A sign board in Toronto displays the TSX close on Monday March 16, 2020. THE CANADIAN PRESS/Frank Gunn

S&P/TSX composite up as dollar, energy, materials and health-care sectors rise

S&P/TSX composite up as dollar, energy, materials and health-care sectors rise

TORONTO — Worries about a new COVID-19 strain in the U.K. that affected stock trading earlier this week seemed to evaporate on Wednesday as most North American markets rose in a tide of pre-Christmas optimism.

“Sentiment is up, the market looks pretty good, it’s a positive day, we’ve only got another half day before Christmas,” said Allan Small, senior investment adviser at HollisWealth, referring to the shortened market hours on Christmas Eve.

“We’re ending on a good note and hopefully we can have a bit of a Santa Claus rally in between Christmas and New Year’s.”

Canada’s main market indicator, the S&P/TSX composite index, closed up 41.11 points at 17,593.57 as the dollar gained ground against its American counterpart and higher prices for oil drove energy sectors higher.

In New York, the Dow Jones industrial average was up 114.32 points at 30,129.83. The S&P 500 index was up 2.75 points at 3,690.01, while the Nasdaq composite was down 36.80 points at 12,771.11.

The Canadian dollar traded for 77.78 cents US compared with 77.47 cents US on Tuesday, rising after three straight days of declines.

“It’s more U.S. dollar weakness than Canadian dollar strength,” said Small, describing the American greenback as a “security blanket” that sells off with good news.

“Whenever there’s fear in the world, that’s the fear trade, but when the fear subsides, either for a day or for a week or whatever period, you’ll find money leaving the U.S. dollar and therefore other currencies moving higher against the U.S. dollar.”

Statistics Canada reported Wednesday that real gross domestic product grew 0.4 per cent in October, marking the sixth consecutive month of growth and slightly beating the average economist estimate of a 0.3 per cent gain.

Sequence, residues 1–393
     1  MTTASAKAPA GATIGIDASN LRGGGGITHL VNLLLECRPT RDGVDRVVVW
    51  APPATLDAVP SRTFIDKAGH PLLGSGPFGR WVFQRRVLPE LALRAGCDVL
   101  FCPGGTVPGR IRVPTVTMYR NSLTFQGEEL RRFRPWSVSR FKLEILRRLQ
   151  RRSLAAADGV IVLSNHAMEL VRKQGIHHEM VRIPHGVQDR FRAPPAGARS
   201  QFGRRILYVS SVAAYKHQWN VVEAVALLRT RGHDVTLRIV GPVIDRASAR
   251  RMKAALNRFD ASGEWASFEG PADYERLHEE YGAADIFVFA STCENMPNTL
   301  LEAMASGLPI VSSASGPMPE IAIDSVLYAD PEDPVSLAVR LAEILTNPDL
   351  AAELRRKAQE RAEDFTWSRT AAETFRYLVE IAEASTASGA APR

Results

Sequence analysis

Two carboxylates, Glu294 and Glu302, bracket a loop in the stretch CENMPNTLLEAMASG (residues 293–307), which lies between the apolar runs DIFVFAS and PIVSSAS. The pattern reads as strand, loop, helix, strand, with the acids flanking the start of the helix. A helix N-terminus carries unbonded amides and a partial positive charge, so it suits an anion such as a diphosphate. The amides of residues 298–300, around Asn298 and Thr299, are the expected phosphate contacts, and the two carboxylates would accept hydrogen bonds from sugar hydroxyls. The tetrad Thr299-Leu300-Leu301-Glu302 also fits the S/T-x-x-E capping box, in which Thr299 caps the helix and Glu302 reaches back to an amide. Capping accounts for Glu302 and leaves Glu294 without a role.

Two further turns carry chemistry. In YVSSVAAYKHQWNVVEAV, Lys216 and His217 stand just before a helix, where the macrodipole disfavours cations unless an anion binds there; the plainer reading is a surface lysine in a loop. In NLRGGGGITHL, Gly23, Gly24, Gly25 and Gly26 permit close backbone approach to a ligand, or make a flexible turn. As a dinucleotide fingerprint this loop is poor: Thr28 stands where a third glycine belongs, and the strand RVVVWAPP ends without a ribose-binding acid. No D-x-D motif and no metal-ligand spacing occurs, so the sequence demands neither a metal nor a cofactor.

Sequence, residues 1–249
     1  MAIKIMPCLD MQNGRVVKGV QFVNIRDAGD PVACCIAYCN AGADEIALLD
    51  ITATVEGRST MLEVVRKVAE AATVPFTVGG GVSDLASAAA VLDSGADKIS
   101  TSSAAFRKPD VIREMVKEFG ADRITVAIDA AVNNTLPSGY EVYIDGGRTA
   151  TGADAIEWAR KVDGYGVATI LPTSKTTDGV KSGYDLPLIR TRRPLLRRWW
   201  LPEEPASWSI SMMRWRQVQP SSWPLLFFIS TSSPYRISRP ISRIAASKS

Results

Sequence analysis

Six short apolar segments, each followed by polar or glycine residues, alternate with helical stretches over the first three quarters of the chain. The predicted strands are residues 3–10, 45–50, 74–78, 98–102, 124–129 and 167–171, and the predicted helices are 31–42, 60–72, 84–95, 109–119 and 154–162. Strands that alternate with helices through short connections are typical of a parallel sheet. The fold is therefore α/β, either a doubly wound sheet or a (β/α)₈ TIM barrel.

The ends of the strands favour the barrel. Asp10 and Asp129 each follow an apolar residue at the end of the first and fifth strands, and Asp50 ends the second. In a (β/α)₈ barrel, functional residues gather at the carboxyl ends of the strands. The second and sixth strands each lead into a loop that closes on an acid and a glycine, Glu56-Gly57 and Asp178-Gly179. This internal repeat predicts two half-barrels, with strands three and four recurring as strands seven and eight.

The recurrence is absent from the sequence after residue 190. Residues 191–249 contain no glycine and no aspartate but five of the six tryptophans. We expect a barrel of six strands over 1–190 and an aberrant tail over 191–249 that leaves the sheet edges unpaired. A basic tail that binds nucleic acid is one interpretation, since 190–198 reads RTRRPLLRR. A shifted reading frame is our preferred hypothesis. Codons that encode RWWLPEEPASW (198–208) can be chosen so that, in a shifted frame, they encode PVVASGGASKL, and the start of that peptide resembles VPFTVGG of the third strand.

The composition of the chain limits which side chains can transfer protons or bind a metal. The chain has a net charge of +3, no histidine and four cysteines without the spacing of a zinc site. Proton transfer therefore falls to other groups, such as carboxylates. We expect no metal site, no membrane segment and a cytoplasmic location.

The agency also released a preliminary estimate for November, which showed a 0.4 per cent expansion.

Meanwhile, in the United States, the government released reports that gave a mixed picture of the economy, including one that said fewer U.S. workers filed for unemployment benefits last week.

Another said that orders for long-lasting goods strengthened by more than expected last month, a good sign for the nation’s manufacturers. But a third report noted consumers pulled back on their spending by more last month than economists expected. It was the first drop since April.

But the upbeat mood in the stock markets has more to do with growing optimism that the pandemic will be defeated eventually, Small said, allowing people and industries to get back to work.

“All in all, I think we’re moving in the right direction,” he said.

“I think the markets and investors really sense that it’s not a matter of ‘if’ anymore, it’s just a matter of ‘when.’”

The energy sector led the way on the Toronto Stock Exchange with a 4.36 per cent gain as the February crude oil contract jumped US$1.10 to US$48.12 per barrel.

Oilsands producer MEG Energy Corp. was up 9.4 per cent at $4.65, Crescent Point Energy Corp. rose almost nine per cent to $3.05 and Enerplus Corp. was ahead 7.45 per cent at $4.04.

Marijuana stocks helped the health-care sector to a two per cent jump, with Canopy Growth Corp., Aurora Cannabis Inc. and Aphria Inc. all up by almost four per cent.

The biggest loser among sectors was information technology, brought down by the same software companies that contributed to its gains earlier this week.

Shopify Inc. fell 6.5 per cent to $1,542.46 and Constellation Software Inc. was off 4.88 per cent to $1,687.22.